Central African Republic: Staff Report for the 2004 Article IV Consultation

This 2004 Article IV Consultation highlights that the Central African Republic’s period since 2000 has been marked by poor economic performance, owing in large part to military disturbances, but also to weak administration and poor program implementation. The conflict that ended in March 2003 shattered the Central African Republic's economy. Real GDP contracted by 7 percent in 2003, with the formal sector of the economy in a particularly dire state. The deficit in the overall budget balance including grants widened by about 2 percent of GDP in 2003.


This 2004 Article IV Consultation highlights that the Central African Republic’s period since 2000 has been marked by poor economic performance, owing in large part to military disturbances, but also to weak administration and poor program implementation. The conflict that ended in March 2003 shattered the Central African Republic's economy. Real GDP contracted by 7 percent in 2003, with the formal sector of the economy in a particularly dire state. The deficit in the overall budget balance including grants widened by about 2 percent of GDP in 2003.

I. Background

1. The landlocked Central African Republic (C.A.R.) is one of the poorest countries in the world. Despite a rich endowment in natural resources and arable land, political instability since independence has undermined economic development and led to a steady erosion in living standards. Since the mid-1990s, the political situation in the C.A.R. has been marked by recurrent military disturbances, often accompanied by substantial pillaging. These events, following years of decay, have led to a destruction of the country’s capital stock, an unraveling of public administration and collapse of the formal private sector, and a growing impoverishment of the population. Despite periodic efforts at reform, the instability has likewise undercut the C.A.R.’s efforts to mobilize support from the international community, including the Fund (Box 1).


Per Capita Real GDP in 1990 Prices, 1970–2003

(In thousands of CFA francs)

Citation: IMF Staff Country Reports 2004, 159; 10.5089/9781451806601.002.A001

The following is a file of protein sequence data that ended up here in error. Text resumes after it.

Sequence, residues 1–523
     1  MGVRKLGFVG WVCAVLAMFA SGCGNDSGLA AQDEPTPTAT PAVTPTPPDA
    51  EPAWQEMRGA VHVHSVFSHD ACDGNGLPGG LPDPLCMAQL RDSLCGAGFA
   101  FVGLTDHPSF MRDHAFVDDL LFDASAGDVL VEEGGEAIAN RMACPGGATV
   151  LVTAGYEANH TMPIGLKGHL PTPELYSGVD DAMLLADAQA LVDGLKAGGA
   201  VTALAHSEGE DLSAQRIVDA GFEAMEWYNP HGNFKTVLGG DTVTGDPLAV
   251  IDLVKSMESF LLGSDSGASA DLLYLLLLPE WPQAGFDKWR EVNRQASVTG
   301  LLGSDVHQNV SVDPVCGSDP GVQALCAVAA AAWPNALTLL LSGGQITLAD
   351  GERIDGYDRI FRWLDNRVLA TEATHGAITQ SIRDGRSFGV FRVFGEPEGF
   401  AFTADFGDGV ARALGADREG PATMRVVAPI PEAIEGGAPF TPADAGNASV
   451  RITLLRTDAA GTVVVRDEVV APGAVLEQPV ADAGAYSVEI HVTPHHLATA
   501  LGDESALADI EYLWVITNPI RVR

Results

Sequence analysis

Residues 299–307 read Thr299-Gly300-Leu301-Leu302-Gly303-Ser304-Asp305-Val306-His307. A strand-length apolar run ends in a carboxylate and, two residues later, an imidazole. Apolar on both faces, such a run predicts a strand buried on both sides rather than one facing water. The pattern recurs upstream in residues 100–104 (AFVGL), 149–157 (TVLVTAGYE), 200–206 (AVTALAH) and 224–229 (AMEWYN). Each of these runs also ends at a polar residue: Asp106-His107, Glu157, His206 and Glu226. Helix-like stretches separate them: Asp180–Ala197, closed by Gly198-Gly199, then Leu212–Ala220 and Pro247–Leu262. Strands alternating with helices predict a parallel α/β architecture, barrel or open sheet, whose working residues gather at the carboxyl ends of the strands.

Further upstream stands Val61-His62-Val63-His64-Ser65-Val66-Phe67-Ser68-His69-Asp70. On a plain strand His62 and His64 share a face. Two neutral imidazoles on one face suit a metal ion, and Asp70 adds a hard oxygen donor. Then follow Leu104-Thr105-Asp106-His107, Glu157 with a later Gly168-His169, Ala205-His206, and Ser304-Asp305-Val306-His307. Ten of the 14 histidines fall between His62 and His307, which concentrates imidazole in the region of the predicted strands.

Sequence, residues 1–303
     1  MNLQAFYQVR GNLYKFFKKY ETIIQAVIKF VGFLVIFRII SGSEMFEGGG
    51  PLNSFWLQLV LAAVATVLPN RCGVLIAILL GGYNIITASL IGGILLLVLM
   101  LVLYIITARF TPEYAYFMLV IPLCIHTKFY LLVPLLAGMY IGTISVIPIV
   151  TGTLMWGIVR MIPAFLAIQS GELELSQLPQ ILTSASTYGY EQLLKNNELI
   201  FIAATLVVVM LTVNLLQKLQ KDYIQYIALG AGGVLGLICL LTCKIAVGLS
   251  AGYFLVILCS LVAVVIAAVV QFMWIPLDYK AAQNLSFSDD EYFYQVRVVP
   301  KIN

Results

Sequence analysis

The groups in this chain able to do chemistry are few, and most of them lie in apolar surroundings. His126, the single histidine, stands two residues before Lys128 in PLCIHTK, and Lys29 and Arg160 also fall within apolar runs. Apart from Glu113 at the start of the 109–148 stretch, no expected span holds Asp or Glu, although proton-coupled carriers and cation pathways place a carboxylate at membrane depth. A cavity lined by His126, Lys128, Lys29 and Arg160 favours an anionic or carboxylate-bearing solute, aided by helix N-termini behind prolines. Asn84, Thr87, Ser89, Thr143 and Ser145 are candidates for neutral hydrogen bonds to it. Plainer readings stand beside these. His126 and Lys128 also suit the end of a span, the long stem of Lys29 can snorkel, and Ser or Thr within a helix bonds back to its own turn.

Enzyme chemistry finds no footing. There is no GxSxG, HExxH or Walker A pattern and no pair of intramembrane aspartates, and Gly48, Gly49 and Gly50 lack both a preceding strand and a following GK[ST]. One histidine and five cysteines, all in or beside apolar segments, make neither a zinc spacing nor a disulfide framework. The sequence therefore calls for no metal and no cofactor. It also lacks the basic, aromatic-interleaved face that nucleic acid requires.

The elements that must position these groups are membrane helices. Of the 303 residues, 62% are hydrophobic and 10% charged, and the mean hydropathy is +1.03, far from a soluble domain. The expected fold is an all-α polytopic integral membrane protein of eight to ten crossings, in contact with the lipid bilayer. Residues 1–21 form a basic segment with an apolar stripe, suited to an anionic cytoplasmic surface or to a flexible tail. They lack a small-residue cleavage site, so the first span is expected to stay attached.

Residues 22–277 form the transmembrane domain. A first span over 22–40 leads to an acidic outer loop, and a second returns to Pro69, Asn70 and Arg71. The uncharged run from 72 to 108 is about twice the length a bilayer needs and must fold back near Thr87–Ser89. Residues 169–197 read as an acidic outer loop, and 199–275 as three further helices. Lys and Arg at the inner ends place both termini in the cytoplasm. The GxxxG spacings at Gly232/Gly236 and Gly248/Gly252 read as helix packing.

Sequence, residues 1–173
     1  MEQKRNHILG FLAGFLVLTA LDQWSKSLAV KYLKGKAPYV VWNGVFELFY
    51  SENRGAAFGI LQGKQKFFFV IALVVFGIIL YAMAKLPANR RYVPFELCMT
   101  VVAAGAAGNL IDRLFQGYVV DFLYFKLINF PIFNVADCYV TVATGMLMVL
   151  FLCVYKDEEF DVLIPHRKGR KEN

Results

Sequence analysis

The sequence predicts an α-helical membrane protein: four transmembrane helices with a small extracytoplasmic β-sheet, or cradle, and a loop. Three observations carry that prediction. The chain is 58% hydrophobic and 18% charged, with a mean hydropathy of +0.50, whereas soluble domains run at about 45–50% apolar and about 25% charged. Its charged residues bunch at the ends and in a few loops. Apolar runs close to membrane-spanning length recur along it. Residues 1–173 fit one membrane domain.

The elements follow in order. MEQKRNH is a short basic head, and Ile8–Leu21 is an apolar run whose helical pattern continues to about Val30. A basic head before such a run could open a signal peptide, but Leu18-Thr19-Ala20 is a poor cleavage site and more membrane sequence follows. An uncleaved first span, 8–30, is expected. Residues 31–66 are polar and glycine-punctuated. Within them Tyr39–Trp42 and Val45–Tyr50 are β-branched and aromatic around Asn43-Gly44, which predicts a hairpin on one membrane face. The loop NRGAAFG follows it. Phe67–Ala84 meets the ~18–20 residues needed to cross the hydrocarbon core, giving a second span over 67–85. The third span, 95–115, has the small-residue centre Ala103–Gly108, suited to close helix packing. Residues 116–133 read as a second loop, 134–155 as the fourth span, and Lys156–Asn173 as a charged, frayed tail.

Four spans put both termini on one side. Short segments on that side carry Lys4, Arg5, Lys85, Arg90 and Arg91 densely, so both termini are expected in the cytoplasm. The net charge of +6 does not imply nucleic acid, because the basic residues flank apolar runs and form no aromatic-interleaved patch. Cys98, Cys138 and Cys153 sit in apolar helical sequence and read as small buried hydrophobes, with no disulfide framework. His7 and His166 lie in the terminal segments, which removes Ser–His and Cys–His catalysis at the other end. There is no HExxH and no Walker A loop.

Source: IMF staff estimates.

2. The instability has been fueled by a vicious cycle of weak governance, poor revenue mobilization, and resulting wage arrears to civil servants and military personnel. These problems became increasingly pronounced in the last few years: starting with an attempted coup in May 2001, active military opposition to the government increased, as did the associated property destruction, looting, and displacement of the civilian population. The period from an attempted coup in October 2002 to the coup d’état in March 2003 was marked by a further escalation of the conflict, with at least one-third of the country a battle zone. This period was accompanied by sizable human casualties, substantial destruction, and a collapse of public administration in most areas of the country.

3. Since the March 2003 coup, the political situation has been generally calm. Greater political stability was furthered by a national forum in September and October that discussed proposals for resolving the country’s political difficulties. The new transitional government appointed in December 2003 is more technocratic in the economic and financial areas than the one it replaced. The electoral season will begin in earnest later this year, with a constitutional referendum in October 2004, to be followed by legislative and presidential elections in January 2005.

Discussions with the Fund, 2000–03

Subsequent to the 2000 Article IV consultation, discussions between the C.A.R. authorities and Fund staff aimed at getting the authorities’ program back on track. The Executive Board approved a second annual arrangement under the existing Poverty Reduction and Growth Facility (PRGF) on January 10, 2001 (12/28/00). However, the program again went off track, and a six-month staff-monitored program (SMP) was then put in place for the period October 2001–March 2002 (11/26/01). The first quarterly review of the SMP was completed in May 2002 (5/22/02). Implementation improved in the second quarter (January–March 2002), and the continued satisfactory performance beyond the period of the SMP provided a good basis for a possible three-year successor program. However, difficulties in finalizing an arrears settlement with the C.A.R.’s multilateral creditors, followed by the attempted coup in October 2002, prevented the staff from proceeding further with presenting the authorities’ request for a three-year PRGF arrangement.